Through the window, the child can hear the trees breathe and watches them sway back and forth as they begin to dance. Then bears join in, accompanied by the child on their drum, making so much noise they wake up a dragon! The dragon’s smoky breath fills the sky, and the wind forms a knight on a steed that gallops through the stars. The child’s adventure continues, as one wonderful flight of fancy leads to the next, from pirates to mermaids to whales, until they find themselves sitting silent once again among the trees.
Glenn was a child who knew his own mind ― he liked boats but did not like fishing; he enjoyed puns and pranks but did not like bullying; he loved learning but did not like school … but more than anything else he loved to play the piano. Glenn had a professional performing career by the time he was fifteen; he gave concerts all over the world in his twenties. He became best known for his interpretation of Bach’s Goldberg Variations. But Glenn grew to dislike concerts ― the hall was too cold, or he didn’t feel well, or the audience made too much noise (he didn’t even like their applause!). He discovered that when he played and recorded music in an empty concert hall, he could make it sound exactly the way he wanted. He could do what he loved best, while being completely himself.
Martin loves to play by the river near his house. He watches the great blue herons and looks for crayfish and otters. He builds forts and lies in the tall grass near the water. But one day Martin’s parents tell him they have to move away, to the city. The family spend a day in the city, exploring their future home. Martin rides the subway, visits the market, explores the museum and watches a street performer, but none of the city’s charms can compare with the river. Then his parents show him a small stream running through the park, and Martin senses something familiar in the air. When moving day arrives, Martin fills a small glass jar with river water as a keepsake. And when he returns to the stream, he discovers that his connection to nature can be just as wondrous in the city.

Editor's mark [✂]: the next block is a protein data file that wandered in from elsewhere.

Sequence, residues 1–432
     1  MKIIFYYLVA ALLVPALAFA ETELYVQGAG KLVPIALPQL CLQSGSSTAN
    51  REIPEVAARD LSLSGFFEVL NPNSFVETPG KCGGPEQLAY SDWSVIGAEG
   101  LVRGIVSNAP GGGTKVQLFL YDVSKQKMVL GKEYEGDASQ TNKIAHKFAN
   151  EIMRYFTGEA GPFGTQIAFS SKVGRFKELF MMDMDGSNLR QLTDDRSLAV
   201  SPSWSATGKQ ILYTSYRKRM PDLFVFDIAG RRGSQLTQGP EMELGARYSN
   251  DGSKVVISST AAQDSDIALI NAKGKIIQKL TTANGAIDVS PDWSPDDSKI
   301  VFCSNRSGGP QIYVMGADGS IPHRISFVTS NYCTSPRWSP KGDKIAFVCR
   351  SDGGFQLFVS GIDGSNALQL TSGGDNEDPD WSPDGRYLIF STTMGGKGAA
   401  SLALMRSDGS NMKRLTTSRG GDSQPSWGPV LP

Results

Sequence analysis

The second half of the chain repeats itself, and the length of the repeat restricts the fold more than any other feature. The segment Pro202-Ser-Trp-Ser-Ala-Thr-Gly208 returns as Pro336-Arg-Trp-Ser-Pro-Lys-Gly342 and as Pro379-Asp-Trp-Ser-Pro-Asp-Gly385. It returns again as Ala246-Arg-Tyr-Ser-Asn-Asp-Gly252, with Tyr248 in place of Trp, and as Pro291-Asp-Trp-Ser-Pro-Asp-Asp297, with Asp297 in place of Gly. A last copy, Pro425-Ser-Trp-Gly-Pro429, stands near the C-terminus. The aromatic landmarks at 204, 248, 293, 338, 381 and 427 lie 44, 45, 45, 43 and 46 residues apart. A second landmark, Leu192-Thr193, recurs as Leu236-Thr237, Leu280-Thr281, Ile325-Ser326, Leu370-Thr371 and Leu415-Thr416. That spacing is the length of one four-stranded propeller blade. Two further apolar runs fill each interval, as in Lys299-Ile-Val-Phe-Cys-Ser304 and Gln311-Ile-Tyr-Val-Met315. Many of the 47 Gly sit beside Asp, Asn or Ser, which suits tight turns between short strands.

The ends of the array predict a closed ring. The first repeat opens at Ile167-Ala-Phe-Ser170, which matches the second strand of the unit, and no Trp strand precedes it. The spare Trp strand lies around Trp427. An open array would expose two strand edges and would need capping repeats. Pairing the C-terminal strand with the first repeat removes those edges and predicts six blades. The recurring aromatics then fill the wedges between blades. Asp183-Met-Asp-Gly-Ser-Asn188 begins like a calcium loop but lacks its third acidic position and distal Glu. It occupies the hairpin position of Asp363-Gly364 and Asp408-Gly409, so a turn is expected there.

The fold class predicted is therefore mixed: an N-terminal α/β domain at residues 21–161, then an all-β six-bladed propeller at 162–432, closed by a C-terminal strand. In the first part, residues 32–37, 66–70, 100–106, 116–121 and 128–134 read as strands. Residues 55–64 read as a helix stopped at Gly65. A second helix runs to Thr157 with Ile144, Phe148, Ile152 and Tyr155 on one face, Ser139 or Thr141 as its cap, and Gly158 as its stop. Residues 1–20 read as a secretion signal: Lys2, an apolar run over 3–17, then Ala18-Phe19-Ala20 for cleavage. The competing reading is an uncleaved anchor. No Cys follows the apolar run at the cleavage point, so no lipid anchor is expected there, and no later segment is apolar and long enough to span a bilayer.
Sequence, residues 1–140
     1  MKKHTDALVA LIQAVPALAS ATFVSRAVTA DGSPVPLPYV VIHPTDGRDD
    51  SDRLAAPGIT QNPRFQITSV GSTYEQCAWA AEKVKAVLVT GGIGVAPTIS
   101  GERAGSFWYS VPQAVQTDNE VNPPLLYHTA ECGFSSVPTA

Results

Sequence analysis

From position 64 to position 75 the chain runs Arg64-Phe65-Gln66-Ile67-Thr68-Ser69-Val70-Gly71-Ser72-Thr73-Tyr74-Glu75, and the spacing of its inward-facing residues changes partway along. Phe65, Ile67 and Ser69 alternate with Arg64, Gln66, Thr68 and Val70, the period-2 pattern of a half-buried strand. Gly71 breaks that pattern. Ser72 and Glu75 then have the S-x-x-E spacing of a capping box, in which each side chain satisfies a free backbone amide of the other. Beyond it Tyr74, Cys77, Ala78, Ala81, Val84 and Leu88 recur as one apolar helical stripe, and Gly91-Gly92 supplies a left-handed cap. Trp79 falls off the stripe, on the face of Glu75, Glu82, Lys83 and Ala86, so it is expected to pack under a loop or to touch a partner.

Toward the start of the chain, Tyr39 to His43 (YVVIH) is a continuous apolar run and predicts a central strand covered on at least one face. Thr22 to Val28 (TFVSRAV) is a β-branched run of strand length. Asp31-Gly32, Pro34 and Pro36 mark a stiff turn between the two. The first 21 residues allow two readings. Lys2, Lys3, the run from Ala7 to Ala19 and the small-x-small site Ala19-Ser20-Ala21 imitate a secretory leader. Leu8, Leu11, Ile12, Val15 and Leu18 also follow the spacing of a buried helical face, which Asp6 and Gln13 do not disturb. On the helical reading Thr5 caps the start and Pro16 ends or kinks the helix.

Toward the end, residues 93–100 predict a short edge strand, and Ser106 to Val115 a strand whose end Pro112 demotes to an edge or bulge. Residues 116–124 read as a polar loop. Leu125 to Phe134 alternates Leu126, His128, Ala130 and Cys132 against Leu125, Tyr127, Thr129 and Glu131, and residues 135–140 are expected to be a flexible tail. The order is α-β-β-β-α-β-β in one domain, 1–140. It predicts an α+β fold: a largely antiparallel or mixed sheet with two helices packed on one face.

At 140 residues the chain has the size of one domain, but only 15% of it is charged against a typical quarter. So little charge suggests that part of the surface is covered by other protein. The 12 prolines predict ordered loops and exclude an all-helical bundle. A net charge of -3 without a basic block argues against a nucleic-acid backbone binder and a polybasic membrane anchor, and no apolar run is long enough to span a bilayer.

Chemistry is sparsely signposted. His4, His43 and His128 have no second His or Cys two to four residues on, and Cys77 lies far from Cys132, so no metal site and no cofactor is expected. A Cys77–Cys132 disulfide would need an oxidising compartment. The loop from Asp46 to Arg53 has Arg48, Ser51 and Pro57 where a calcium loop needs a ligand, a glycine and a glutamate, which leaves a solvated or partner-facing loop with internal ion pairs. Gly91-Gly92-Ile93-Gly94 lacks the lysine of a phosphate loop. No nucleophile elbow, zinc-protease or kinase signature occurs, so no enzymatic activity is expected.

Lunch turns into bird food when a little girl starts feeding birds at the bus stop. First, a pigeon she names Serious comes pecking, and then Fancy and Sleepy gather to gobble up the offerings. But what happens when more and more birds want to join in on the feast? And what are all these fantastical birds doing in the city, anyway?
Congested city streets are noisy and thick with cars and trucks, while pedestrians and cyclists are squeezed to the dangerous edges―but does it have to be this way?
Things are changing for one little girl whose mom is a busy doctor. When her mom has to be in quarantine―sleeping on a cot in their garage to keep the family safe from the virus―the girl does her best to be brave. She and her dad spend time together, she goes to school online, and she helps her grandparents too…making sure to wave so they know it’s her! They join their neighbours outside to thank the doctors and nurses around the world for their hard work. But of course the highlight of the day is when mom comes home, and they wave to each other through the window.
A captivating look at the life of a modern-day fossil hunter who makes the find of a lifetime told by award-winning author Helaine Becker. Wendy has an eye for the unusual and is skilled at finding things that others don’t see. While on a school field trip at age 12, she spots one of those unusual things poking out of the ground, and it turns out to be a piece of fossilized coral that’s 100 million years old. Wendy’s thrilled! And soon, she gets hooked on finding fossils. When she grows up, Wendy turns her passion into her career and becomes a preeminent fossil hunter, known as the “fossil whisperer” around the world. But it’s on a dig close to home where Wendy makes her most important discovery: Wendiceratops!
Mina and her father live in a hollowed-out tree stump on the edge of a pond on the edge of a forest. Nothing ever bothers Mina, until one day, her father brings home a suspicious surprise from the woods.
It’s a little out of fashion to buy a pet cloud, but Lizzy doesn’t mind. She’s not looking for a big one or a fancy one, just one that’s right for her. And she finds it in Milo.
It’s a normal day, at first, for a girl on her family farm. But then the wind starts. It blows harder and harder and harder. Her mother grabs her baby brother. Her father opens the root cellar door. They pile in and sit in darkness. But when they emerge, their home is gone. Through a series of short sentences, many beginning with “I remember . . .,” readers experience the girl’s emotional trajectory of shock, terror, sadness and, finally, hope — and even laughter.